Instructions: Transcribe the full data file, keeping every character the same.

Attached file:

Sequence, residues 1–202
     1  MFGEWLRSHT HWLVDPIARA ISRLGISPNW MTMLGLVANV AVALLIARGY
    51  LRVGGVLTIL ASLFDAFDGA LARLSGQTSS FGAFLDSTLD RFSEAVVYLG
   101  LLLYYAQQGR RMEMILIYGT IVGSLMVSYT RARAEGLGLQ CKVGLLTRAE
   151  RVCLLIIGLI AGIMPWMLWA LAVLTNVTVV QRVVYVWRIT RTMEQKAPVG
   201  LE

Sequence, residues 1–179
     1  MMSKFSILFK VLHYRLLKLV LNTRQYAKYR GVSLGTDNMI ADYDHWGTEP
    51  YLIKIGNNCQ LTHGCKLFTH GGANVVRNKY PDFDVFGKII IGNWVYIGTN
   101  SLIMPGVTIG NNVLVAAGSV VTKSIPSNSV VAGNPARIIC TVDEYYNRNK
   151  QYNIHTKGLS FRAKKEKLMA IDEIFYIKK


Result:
Sequence, residues 1–202
     1  MFGEWLRSHT HWLVDPIARA ISRLGISPNW MTMLGLVANV AVALLIARGY
    51  LRVGGVLTIL ASLFDAFDGA LARLSGQTSS FGAFLDSTLD RFSEAVVYLG
   101  LLLYYAQQGR RMEMILIYGT IVGSLMVSYT RARAEGLGLQ CKVGLLTRAE
   151  RVCLLIIGLI AGIMPWMLWA LAVLTNVTVV QRVVYVWRIT RTMEQKAPVG
   201  LE

Sequence, residues 1–179
     1  MMSKFSILFK VLHYRLLKLV LNTRQYAKYR GVSLGTDNMI ADYDHWGTEP
    51  YLIKIGNNCQ LTHGCKLFTH GGANVVRNKY PDFDVFGKII IGNWVYIGTN
   101  SLIMPGVTIG NNVLVAAGSV VTKSIPSNSV VAGNPARIIC TVDEYYNRNK
   151  QYNIHTKGLS FRAKKEKLMA IDEIFYIKK